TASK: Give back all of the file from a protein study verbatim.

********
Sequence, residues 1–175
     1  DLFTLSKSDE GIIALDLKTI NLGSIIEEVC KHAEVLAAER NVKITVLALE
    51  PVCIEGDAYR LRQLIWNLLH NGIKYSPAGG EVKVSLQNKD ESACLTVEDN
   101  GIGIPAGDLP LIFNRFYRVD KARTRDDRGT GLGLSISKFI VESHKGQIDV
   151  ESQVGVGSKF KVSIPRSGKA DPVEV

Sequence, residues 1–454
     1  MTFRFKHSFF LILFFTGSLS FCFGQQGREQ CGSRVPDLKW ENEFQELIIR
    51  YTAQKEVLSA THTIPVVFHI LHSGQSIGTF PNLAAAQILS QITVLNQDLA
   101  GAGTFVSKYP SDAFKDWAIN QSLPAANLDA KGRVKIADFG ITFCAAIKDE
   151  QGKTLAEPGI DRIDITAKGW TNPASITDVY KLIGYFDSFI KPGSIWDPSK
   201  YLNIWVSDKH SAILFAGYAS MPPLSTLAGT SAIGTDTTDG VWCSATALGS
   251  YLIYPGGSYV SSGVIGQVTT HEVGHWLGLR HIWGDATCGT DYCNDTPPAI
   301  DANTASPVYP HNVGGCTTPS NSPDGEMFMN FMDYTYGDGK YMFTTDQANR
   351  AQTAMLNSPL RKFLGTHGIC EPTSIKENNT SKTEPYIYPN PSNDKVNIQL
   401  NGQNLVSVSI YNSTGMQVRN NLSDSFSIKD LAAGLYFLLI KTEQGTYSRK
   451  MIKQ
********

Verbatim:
Sequence, residues 1–175
     1  DLFTLSKSDE GIIALDLKTI NLGSIIEEVC KHAEVLAAER NVKITVLALE
    51  PVCIEGDAYR LRQLIWNLLH NGIKYSPAGG EVKVSLQNKD ESACLTVEDN
   101  GIGIPAGDLP LIFNRFYRVD KARTRDDRGT GLGLSISKFI VESHKGQIDV
   151  ESQVGVGSKF KVSIPRSGKA DPVEV

Sequence, residues 1–454
     1  MTFRFKHSFF LILFFTGSLS FCFGQQGREQ CGSRVPDLKW ENEFQELIIR
    51  YTAQKEVLSA THTIPVVFHI LHSGQSIGTF PNLAAAQILS QITVLNQDLA
   101  GAGTFVSKYP SDAFKDWAIN QSLPAANLDA KGRVKIADFG ITFCAAIKDE
   151  QGKTLAEPGI DRIDITAKGW TNPASITDVY KLIGYFDSFI KPGSIWDPSK
   201  YLNIWVSDKH SAILFAGYAS MPPLSTLAGT SAIGTDTTDG VWCSATALGS
   251  YLIYPGGSYV SSGVIGQVTT HEVGHWLGLR HIWGDATCGT DYCNDTPPAI
   301  DANTASPVYP HNVGGCTTPS NSPDGEMFMN FMDYTYGDGK YMFTTDQANR
   351  AQTAMLNSPL RKFLGTHGIC EPTSIKENNT SKTEPYIYPN PSNDKVNIQL
   401  NGQNLVSVSI YNSTGMQVRN NLSDSFSIKD LAAGLYFLLI KTEQGTYSRK
   451  MIKQ